GMB union today started its latest 'gig economy' case in the courts, this time on behalf of eight Hermes couriers.
The legal action, which follows GMB’s success against Uber, is on behalf of couriers who believe they are being denised basic workers' rights by being forced to declare as self-employed.
If the case is successful, the company could be forced to change the way it treats all of its drivers.
This is the latest in a string of cases brought by GMB on behalf of members to tackle bogus self-employment and gig economy exploitation.
Tim Roache, GMB general secretary, said: “GMB’s courier members do a tough job – working long hours with unrealistic targets. They make a fortune for companies like Hermes, the least they should be able to expect in return is the minimum wage and their hard fought rights at work.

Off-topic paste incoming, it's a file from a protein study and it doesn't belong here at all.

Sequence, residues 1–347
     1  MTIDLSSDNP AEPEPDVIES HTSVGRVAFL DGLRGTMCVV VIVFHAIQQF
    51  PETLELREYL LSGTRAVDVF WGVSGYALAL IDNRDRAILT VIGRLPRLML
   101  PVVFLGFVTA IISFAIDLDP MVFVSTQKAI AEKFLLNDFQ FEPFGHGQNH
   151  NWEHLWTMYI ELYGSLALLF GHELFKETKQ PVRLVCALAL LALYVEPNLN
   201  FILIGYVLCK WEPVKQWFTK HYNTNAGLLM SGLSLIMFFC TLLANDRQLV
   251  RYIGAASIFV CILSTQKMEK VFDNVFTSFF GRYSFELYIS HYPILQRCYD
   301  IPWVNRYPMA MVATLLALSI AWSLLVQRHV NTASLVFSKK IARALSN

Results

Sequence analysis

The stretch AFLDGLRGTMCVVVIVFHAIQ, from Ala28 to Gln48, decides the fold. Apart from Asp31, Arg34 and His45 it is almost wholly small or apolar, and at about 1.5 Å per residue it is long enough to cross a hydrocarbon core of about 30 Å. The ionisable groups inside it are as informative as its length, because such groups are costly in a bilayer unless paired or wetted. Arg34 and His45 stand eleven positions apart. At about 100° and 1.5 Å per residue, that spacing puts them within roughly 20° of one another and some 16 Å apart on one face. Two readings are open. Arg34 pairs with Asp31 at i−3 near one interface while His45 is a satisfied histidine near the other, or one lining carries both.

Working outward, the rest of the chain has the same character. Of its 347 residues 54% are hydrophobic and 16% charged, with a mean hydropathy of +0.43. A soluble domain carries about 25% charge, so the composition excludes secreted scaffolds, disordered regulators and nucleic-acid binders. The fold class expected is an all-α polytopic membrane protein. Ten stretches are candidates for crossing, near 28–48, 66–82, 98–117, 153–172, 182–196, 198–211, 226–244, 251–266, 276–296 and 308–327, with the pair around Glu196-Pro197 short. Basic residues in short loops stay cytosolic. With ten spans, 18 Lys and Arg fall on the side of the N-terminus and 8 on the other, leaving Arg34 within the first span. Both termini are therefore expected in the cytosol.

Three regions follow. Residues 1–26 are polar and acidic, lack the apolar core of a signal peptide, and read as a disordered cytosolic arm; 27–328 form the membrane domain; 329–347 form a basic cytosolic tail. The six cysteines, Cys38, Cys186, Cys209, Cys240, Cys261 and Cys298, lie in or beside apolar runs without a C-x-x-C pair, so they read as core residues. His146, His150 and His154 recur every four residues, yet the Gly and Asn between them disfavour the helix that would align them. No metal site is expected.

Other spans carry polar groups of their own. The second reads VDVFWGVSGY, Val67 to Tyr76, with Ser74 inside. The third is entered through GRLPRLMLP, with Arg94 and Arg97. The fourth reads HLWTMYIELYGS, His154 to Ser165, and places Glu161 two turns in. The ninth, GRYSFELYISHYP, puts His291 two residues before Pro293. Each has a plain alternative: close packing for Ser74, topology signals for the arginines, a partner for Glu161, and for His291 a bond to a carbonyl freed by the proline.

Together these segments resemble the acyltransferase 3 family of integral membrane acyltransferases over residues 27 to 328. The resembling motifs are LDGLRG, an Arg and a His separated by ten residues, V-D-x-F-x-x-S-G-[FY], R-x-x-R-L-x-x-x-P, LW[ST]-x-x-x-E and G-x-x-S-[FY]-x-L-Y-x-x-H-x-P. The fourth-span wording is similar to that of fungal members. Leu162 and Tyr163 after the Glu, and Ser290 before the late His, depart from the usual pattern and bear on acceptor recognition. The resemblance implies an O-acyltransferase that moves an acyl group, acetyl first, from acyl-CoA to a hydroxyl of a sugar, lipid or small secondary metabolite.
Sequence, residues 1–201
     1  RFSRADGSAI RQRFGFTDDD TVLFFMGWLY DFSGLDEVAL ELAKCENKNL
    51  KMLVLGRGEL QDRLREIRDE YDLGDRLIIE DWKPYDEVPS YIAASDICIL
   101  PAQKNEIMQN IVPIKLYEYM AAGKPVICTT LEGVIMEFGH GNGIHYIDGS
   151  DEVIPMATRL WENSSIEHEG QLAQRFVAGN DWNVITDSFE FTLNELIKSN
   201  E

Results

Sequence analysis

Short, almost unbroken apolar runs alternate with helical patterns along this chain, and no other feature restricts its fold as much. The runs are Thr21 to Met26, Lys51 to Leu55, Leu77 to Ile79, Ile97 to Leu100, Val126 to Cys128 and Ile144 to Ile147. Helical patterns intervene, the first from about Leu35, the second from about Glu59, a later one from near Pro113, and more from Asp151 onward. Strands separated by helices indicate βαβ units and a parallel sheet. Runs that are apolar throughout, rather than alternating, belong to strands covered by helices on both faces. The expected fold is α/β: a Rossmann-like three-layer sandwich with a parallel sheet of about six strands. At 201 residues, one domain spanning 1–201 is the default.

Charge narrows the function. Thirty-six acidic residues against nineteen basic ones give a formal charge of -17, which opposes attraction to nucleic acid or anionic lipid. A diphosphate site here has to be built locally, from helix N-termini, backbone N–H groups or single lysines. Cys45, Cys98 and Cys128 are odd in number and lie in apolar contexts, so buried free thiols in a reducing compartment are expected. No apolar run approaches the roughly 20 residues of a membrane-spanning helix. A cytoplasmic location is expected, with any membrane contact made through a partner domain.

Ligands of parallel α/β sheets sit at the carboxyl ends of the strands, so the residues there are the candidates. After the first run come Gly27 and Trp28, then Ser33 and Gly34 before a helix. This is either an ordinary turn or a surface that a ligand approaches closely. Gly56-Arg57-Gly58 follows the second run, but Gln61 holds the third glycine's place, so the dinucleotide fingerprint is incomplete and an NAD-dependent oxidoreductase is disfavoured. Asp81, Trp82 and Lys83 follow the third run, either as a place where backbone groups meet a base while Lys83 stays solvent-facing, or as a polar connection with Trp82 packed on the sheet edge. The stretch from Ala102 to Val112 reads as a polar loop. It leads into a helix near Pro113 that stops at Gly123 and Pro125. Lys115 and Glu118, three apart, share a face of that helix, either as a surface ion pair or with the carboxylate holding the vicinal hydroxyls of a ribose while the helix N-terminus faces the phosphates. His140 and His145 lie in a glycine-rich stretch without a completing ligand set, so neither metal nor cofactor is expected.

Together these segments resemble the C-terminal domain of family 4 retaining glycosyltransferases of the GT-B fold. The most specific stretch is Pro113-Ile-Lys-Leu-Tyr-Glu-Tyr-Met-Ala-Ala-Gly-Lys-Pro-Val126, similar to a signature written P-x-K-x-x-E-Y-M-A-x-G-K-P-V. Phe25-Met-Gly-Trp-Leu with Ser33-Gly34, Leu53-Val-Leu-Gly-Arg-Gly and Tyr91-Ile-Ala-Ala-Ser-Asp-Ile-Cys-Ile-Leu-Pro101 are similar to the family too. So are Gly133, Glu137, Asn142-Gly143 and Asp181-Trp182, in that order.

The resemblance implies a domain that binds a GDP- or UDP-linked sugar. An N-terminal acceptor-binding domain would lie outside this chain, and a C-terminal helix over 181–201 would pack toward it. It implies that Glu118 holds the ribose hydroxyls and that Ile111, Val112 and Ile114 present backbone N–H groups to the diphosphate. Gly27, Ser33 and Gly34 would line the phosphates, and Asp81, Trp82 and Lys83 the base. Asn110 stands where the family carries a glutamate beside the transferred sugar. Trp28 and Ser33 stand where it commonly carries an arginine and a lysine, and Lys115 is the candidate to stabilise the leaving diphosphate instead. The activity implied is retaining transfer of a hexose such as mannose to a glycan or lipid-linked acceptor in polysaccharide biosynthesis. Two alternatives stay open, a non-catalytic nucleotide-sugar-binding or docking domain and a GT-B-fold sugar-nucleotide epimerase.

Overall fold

“Companies like Hermes and Uber hide behind terms like ‘flexibility’ to wriggle out of treating the people who make them their money with the respect they deserve.
“Guaranteed hours, holiday pay, sick pay, pension contributions are not privileges companies can dish out when they fancy. They are the legal right of all UK workers, and that's what we're asking the courts to rule on."
In October 2016, GMB won a victory against Uber where a similar Employment Tribunal ruled that Uber drivers should have 'worker' status and the rights that go with it. That landmark case could have major implications for more than 30,000 drivers across England and Wales. Uber is currently appealing the decision.